Central America, in Brief: The president of Taiwan traveled to Guatemala today to shore up its last allies in the isthmus after Honduras decided to shift its support to China earlier this month. While the U.S. and Japan warn of the dangers of Beijing’s growing influence in Central America, the region is not buying the stale neo-Cold War framing. Tegucigalpa admits the move boiled down to debt and trade.
On Friday Taiwan’s President Tsai Ing-wen was in Guatemala for an official visit to the island’s last allies in Central America. She will also visit Belize on Monday. “External pressure won’t stop our determination from moving toward international society,” she told reporters on Wednesday.
Tsai was clearly referring to Honduras, the latest country to switch its allegiance from Taiwan to China, in a decision that the left-leaning government of Xiomara Castro announced on the campaign trail and made official on March 14. Three other Central American countries have taken the same step in the last seven years.
The Guatemalan Ministry of Foreign Affairs issued a statement highlighting its “total support of Taiwan as an independent nation” and “shared values of democracy and mutual respect.” President Tsai was expected to visit a new hospital in Chimaltenango, inaugurated in February with Taiwan’s cooperation.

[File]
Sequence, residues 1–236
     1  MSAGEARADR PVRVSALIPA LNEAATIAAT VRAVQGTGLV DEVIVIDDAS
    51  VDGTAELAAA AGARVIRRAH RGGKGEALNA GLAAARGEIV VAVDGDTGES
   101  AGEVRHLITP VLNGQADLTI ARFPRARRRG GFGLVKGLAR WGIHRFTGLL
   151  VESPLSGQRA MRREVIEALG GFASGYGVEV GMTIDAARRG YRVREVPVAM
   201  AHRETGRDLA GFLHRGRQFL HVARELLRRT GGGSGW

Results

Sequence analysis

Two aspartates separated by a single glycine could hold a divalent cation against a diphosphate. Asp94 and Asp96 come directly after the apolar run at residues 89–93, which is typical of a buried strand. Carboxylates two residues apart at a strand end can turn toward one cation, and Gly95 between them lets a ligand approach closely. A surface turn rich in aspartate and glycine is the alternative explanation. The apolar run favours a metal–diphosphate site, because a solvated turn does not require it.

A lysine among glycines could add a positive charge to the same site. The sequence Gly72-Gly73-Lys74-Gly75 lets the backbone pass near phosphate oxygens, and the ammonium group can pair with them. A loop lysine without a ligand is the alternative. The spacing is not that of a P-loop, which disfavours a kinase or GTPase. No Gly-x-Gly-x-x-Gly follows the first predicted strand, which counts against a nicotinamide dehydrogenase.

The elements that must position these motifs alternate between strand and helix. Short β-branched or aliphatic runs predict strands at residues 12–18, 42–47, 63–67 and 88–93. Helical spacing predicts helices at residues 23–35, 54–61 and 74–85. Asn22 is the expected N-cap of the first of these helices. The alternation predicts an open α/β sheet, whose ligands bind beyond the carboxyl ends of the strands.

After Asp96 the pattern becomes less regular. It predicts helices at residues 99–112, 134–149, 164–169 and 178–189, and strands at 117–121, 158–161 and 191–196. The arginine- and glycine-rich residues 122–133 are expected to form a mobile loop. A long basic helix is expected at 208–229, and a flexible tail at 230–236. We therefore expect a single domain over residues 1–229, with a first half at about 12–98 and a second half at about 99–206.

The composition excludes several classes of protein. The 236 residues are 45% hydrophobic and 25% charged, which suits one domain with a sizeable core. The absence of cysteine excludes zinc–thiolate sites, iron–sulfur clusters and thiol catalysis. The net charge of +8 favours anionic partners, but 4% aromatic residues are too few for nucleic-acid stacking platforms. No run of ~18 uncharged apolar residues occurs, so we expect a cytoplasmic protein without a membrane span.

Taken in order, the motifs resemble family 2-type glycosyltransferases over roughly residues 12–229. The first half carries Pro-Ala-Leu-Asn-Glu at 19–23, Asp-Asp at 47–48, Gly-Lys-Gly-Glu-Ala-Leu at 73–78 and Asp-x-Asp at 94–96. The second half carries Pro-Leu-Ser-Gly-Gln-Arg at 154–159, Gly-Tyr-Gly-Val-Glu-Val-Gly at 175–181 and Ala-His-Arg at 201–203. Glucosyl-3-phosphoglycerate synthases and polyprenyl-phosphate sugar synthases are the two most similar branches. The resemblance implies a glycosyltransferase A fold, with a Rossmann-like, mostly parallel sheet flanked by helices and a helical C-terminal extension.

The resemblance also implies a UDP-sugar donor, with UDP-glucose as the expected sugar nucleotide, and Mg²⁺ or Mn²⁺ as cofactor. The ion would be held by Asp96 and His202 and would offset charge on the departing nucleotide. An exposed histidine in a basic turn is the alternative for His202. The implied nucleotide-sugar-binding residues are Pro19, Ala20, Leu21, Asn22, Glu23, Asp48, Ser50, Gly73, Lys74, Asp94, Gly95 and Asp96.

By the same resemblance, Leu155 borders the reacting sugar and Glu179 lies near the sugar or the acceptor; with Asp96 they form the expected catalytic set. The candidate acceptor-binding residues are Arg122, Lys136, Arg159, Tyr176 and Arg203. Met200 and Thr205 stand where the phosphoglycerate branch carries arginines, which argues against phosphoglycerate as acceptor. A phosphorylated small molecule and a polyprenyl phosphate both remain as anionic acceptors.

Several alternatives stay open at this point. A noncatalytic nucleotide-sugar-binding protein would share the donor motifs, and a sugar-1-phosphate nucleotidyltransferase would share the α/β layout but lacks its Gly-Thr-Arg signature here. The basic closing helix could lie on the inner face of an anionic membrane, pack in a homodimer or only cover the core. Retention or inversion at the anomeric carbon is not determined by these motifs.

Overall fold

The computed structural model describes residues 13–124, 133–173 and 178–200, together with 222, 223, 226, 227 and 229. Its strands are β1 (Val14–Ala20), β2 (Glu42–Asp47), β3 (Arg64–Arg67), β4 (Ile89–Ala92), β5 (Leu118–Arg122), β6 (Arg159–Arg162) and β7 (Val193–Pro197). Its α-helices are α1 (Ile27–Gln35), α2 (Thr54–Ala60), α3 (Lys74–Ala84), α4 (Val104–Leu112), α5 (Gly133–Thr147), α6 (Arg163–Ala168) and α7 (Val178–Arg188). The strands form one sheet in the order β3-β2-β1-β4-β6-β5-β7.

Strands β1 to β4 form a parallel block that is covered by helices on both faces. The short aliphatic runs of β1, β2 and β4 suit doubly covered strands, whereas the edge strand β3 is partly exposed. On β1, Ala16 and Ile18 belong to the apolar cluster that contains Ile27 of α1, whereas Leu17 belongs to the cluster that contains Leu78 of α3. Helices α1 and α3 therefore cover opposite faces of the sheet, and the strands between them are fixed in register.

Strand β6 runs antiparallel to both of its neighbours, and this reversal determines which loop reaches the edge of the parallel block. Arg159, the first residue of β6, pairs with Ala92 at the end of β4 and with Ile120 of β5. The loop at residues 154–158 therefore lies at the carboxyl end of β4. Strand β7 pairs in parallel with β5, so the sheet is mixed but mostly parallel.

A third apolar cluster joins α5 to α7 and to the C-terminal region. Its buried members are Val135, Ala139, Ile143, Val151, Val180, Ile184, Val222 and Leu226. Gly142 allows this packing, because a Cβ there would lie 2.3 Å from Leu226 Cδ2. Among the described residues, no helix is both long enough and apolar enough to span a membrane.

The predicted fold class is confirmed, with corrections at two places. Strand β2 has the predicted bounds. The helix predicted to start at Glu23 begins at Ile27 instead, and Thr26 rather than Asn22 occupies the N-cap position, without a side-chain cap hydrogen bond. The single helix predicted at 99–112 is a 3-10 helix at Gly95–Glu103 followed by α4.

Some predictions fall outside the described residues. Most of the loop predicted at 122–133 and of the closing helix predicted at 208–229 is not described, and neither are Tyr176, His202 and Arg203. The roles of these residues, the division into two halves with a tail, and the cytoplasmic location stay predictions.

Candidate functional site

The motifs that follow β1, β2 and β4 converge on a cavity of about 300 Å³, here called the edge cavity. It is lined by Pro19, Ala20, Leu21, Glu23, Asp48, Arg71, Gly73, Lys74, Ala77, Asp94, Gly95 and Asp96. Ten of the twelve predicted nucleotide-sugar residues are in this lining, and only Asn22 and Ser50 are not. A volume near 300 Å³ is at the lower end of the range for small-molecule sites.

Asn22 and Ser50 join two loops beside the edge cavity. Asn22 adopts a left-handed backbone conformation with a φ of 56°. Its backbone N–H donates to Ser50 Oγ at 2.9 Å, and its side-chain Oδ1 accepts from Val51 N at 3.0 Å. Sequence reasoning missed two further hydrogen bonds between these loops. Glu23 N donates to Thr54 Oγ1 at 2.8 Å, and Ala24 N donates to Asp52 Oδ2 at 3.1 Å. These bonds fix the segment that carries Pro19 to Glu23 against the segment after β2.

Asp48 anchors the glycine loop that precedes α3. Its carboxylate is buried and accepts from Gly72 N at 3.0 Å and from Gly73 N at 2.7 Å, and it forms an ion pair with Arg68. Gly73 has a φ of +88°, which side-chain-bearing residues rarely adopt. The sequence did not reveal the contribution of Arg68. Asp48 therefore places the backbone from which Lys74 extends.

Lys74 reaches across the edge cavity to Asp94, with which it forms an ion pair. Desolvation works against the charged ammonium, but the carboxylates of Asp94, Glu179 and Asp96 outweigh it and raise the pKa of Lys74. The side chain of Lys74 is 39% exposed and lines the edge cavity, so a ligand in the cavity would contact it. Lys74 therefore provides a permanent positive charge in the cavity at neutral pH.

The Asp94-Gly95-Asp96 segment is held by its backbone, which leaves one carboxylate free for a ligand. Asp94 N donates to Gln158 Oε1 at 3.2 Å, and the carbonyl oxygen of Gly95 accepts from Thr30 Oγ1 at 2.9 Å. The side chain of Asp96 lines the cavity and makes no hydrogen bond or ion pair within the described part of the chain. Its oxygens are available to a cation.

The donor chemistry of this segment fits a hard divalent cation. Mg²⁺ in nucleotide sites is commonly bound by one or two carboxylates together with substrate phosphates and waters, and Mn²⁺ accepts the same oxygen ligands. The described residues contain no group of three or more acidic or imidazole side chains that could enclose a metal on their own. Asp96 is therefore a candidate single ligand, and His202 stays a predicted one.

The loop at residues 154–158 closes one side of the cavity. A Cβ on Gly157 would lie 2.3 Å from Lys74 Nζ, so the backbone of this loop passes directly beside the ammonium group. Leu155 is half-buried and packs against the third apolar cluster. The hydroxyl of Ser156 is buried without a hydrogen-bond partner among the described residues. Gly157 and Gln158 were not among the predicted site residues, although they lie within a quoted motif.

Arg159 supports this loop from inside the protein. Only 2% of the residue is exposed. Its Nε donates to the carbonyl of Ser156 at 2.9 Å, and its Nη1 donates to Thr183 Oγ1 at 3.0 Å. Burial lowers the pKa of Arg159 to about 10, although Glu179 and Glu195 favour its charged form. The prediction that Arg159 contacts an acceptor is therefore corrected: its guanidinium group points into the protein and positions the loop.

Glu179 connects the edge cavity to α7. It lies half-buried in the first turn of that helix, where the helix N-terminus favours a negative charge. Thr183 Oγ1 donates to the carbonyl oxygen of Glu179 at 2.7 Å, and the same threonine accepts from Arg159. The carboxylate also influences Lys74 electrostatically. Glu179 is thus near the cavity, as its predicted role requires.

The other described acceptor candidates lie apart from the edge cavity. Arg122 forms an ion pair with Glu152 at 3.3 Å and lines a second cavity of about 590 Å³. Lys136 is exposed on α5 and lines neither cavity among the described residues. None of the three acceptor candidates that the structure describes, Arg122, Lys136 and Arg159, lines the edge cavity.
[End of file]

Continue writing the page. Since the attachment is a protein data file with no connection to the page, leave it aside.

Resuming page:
We can expect President Alejandro Giammattei to add the Taiwan card to anti-immigration and drug trafficking cooperation when dealing with the Biden administration in an era of spy balloons and congressional hearings over TikTok. Republicans have backed him despite sustained international criticism for corruption and judicial lawfare.
Not even Taipei’s standing as a shareholder of the Central American Bank for Economic Integration, an underwriter of the authoritarian governments in Nicaragua and El Salvador, has stemmed the trend toward Beijing. Panama made the move in 2017, giving the Chinese Embassy a parcel of land overlooking the Panama Canal. El Salvador followed in 2019, and then Nicaragua in 2021. Costa Rica led the way as early as 2007.
The day after President Castro’s announcement, Foreign Minister Enrique Reina explained the rationale on TV. He underlined Honduras’ “great need,” specifically in energy —they want China to get involved in the 104-MW Patuca III hydroelectric plant in Olancho— and “a debt that’s drowning us.”
Honduras’ national debt is the most concerning in the region, according to the Central American Institute for Fiscal Studies.